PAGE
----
I don't even know where to start. I have been in Haiti for a week now and trying to come up with the descriptive words is hard for me. Haiti, as most of you know, was not a stable country before but now it is just devestated.
I flew in last Tuesday with a Medical team from Michigan on a private plane that had leather seats, polished wood and a flight attendant who
(people waiting at clinic)
acted more like a waiter. There were 12 of us on the plane and it was packed full of medical supplies in the aisles. We were served Panera for lunch and I thought I was living high flying in a private plane. I never would have thought as a missionary I would have the chance to do that. I was about to leave luxury and go to a place on the complete opposite end of the spectrum.
When we landed at the airport in Port au Prince it didn't look like the airport I knew in Haiti at all anymore. The actualy building was closed and there were US military people everywhere. They had set up a military base at the airport. There were army vehicles, large tents, and huge palates of stuff wrapped in heavy plastic that I found out was relief food being shipped in. There were rows and rows of food. The airport employees took our passports and didn't even look at them before stamping and then handing them back. No one's passport photo was checked. There was a long line of people waiting on the side of the airport and a military guy said they were Americans waiting to board a military plane and go home. I asked how much that cost and he said you sign a paper that you will pay whatever they bill you when you get home. They would take any America to a military base in the US and then you are responsible for getting home from there. I thought,"yeah that's about how our government works."
The traffic is so bad right now in Port too. I sat in amazement at all the fallen buildings. I would have guess they would have tumbled sideways from the earth shaking, but they fell straight down. The buildinggs that used to have 3-5 stories are flattened to the height if 1-2 stories. Some buildings fell on to the sidewalk and crushed the people walking. The roof caved in on Pastor Gerard's (Roro's brother) house. He was not home but on his way to church-thank the Lord. Some of you will remember "One Stop". That entire strip mall collapsed. Carribean market is unrecognizable. They said there were 100 people in there and none survived. I could go on and on about the devestation.
Thousands of familes lost their homes. Some headed out to the countryside to staywith family but the others are sleeping on the streets in Port or in refugee camps. I am sleeping outside in Port too. I have no seen a building still standing that does not have LARGE cracks in it. We are afraid if a large aftershock comes other buildings will fall. People are not scared to go in the buildings standing but they won't sleep in them. The Haitians are talking about how now everyone in Haiti is the same. Rich and poor sleeping outside.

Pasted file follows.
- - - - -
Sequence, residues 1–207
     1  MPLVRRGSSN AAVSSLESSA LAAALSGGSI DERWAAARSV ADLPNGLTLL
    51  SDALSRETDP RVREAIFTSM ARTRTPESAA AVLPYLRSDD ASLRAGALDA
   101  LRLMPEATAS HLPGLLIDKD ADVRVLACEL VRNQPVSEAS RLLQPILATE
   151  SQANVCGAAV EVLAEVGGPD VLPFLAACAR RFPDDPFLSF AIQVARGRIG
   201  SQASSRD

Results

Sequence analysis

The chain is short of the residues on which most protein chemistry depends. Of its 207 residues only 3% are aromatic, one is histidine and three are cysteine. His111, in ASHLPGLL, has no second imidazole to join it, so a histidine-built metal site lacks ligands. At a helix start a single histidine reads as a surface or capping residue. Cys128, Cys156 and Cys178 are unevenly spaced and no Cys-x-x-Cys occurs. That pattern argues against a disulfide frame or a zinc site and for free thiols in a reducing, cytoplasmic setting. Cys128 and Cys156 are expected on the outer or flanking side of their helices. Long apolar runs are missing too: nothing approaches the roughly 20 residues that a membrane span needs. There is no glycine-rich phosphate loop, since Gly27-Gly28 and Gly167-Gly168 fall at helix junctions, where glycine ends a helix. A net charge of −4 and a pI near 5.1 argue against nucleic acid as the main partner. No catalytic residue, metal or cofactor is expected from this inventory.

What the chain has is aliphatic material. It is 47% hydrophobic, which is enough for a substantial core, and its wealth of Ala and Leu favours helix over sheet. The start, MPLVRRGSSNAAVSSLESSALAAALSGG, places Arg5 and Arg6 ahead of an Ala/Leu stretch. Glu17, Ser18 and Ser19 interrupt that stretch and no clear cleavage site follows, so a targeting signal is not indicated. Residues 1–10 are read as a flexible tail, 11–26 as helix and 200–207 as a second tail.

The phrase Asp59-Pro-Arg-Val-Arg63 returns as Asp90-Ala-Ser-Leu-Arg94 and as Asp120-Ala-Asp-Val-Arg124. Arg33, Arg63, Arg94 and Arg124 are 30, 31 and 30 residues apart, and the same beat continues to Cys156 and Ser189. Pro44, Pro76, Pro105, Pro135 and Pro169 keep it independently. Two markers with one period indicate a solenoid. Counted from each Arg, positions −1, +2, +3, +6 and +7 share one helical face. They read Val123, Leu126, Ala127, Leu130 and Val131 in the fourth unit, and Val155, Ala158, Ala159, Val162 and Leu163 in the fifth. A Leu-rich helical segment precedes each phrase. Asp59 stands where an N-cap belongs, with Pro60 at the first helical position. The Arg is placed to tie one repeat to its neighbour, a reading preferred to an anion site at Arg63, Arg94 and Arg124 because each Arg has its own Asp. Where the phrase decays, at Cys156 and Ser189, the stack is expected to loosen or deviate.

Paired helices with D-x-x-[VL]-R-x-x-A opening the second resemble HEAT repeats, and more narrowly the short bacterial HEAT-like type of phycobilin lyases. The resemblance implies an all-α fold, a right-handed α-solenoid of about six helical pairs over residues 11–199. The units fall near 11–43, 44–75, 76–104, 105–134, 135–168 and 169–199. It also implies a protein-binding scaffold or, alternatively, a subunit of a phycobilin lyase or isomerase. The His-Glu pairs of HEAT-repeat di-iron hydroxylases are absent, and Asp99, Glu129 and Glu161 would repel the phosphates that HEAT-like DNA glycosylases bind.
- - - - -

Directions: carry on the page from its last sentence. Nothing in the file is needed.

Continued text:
We had our clinic open all week and the team from Michigan worked there. There was an Ortho surgeon, 2 ER docs, one Gen doc and 2 nurses and a pharmacist. They treated who they could and sent other to the hospital. I went to the children's hospital down by the American Embassy with Paul Ronk and his daughter (they used to be missionaries in Haiti), We took a woman with a broken leg who was showing signs of compartment syndrome in her foot. She said a Doctor had casted her on the street after the earthquake-without any xray or anything like that. Her foot was swollen 3 times the size of her other one. Someone then brought her baby over to her and he looked terrible. He was 16 months old and to me looked like a 6 month old. We took him with us. We arrived at the hospital and Paul and Sarah went with the mother and I took the baby to the Pediatric wing to be see. He was barley opening his eyes and had zero muscle mass. When I undressed him to be weighed I almost cried. He weighed an even 10 lbs. He is 16 months old! He had teeth and appeared to have no birth defects. Mom said he never breast fed and all she had been feeding him his whole life was soup and bean sauce. I dressed him again and was holding him thinking he was dehysdrated until he peed all over me. I mean all over me. I asked someone for a diaper. I was sitting in the waiting area with all the Haitian women and their children and I was their entertainment I think. There were so many American doctors and nurses working at the Hospital they were literally tripping over each other. They decided they need to recast mom's leg after looking at an xray b/c it was displaced still. They also put an IV in the baby after many, many attempts and kept him as an inpatient to help with his nutrition. The American doctors could not believe he was 16 months old. But the Haitian doctors had no problem believing it saying they see it all the time. Even though this baby is not a victim of the earthquake, he was helped by people coming to help. God always has a plan!
People here are still feeling trembles. I have seen things swaying after a tremble but never felt it myself I felt my first one last night. I was laying down reading and defintely felt it shake. Very strange.